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Sleep Feeding: Questions and Answers

Gastroesophageal Reflux Disease may lead to a variety of eating and sleep patterns in infants and toddlers. A HealthCentral member named Amy D started a lively discussion on feeding an infant with reflux while sleeping. She wanted to know if she was the only one on the night shift since her son will only eat when he is drowsy or sleeping. It turns out there were many other reflux moms and dads all over the world feeding their hurting babies at night. I consulted a physician and several feeding experts to bring you as much information as possible about Sleep Feeding.

What is Sleep Feeding?

Sleep Feeding is the term used to describe feeding a drowsy or sleeping infant. Sleep feeding may also be referred to as Dream Feeding.

How Does Sleep Feeding Work?

Most newborns begin a feeding in an alert state and gradually become drowsy and end the feeding in a light sleep. Suzanne Evans Morris, Ph.D., founder and director of New Visions (www.new-vis.com) stated, “When we begin to fall asleep, brain waves slow down and alert brain function decreases. The area of the brain that supports automatic, rhythmical sucking and swallowing remains active and strong at first, and then decreases as the baby moves to a deeper sleep.” In addition, research has shown that swallowing decreases during sleep compared to when awake.

While sleep feeding may be a natural process in the newborn period, a parent may use sleep feeding to encourage a young infant to sleep through the night or decrease the number of night feedings. This is a parent driven process with the parent offering the bottle or breast to her sleeping infant just before going to bed. It is hoped that this late night feeding, sometimes referred to as a “top off feeding” will decrease night time hunger. A baby who is moving from a 24 hour feeding schedule to a daytime only schedule may adjust with short term sleep feeding during the transition.

Why is my Baby Sleep Feeding?

While it is common for a newborn to become drowsy during a feeding, an older baby is typically alert and engaged. A small group of babies with GERD may demonstrate a less common pattern and need to be drowsy or asleep to accept a feeding. I asked a physician and a speech therapist why some babies are unable to eat by day. Certainly there are many reasons why a baby won’t eat while awake with pain from a chronic condition such as reflux high on the list.

Other reasons for Sleep Feeding include:

• Illness (respiratory, throat, thrush)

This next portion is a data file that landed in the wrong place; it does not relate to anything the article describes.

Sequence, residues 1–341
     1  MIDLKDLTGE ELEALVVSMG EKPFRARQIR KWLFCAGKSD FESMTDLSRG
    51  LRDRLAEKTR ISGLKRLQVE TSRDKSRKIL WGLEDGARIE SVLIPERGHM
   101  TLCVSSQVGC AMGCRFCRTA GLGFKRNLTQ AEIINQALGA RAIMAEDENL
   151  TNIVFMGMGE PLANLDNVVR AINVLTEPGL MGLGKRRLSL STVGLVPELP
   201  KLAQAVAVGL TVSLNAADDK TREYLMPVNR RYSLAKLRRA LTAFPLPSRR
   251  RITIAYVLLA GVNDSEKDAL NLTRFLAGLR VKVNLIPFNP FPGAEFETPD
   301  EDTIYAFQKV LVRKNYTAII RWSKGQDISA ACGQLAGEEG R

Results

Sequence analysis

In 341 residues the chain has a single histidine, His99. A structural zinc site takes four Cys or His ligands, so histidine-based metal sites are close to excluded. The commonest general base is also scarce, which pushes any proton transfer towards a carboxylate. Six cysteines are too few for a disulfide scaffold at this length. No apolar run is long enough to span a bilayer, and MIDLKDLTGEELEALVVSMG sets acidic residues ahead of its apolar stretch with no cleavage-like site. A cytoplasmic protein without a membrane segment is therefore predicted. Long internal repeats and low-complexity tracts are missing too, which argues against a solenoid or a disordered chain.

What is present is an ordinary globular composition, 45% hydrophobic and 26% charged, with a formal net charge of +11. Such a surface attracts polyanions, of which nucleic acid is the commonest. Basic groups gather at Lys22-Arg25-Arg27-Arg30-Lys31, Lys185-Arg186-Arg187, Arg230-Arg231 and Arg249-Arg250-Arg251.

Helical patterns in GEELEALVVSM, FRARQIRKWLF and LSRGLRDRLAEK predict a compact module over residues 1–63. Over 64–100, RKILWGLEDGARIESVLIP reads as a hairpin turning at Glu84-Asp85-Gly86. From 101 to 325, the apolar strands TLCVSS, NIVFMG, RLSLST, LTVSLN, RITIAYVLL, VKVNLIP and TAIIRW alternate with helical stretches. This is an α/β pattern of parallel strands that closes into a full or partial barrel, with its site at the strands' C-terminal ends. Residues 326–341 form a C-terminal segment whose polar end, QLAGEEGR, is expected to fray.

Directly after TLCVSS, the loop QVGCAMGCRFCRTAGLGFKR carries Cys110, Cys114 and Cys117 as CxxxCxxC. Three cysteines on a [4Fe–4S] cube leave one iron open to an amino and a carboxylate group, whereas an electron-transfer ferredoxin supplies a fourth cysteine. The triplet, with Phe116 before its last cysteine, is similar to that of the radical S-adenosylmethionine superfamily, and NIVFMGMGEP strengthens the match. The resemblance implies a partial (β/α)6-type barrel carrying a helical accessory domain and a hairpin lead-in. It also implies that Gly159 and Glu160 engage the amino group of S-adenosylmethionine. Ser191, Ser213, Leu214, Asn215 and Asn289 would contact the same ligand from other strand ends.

• Milk allergy/intolerance
• Sensory
• Feeding/swallowing difficulties
• Behavioral
• Combination of behavioral and medical reasons

What Does Sleep Feeding Look Like?

An infant with GERD often experiences pain and discomfort during or after a meal. Day after day, the discomfort leads to changes in the way caretakers and infants approach feeding.

Parents describe sleep feeding their baby with GERD:

• “I have to wait until he is asleep to feed him.”
• “When I lean her back in my arm to give her the bottle she cries.”
• “If I show him the bottle, he turns away and arches his back.”
• “When he is almost asleep, I can slip the bottle in his mouth for the feeding. “
• “It is getting harder and harder to feed him now that he naps less during the day. “

A sensitive caretaker will go to great lengths to read the baby’s cues to increase her comfort during mealtime. Some infants are over stimulated by light and sound and feed better in a dark, quiet environment. A sensitive caretaker who is tuned into the needs of her baby may naturally manipulate the feeding environment to decrease stimulation and move toward sleep feeding. Swaddling, rocking, darkening the room and decreasing noise are all ways for a caretaker to decrease stimulation and discomfort during a feeding. A caretaker may try a variety of formulas, bottles and feeding positions before stumbling on sleep feeding as a way to provide nourishment while decreasing pain with eating. It is thought that sleep feeding helps some babies with reflux by turning off the pain during light sleep and allowing the baby to accept nourishment. Perhaps the light sleep slows down the pace of eating for a baby who is struggling to eat due to pain and other issues. Just as a child with reflux is instructed to eat slowly and chew carefully, the slowed pace of sucking and reduced swallowing while drowsy may be a feeding pattern that is well tolerated by a baby with reflux.

Next week: Is Sleep Feeding Harmful?


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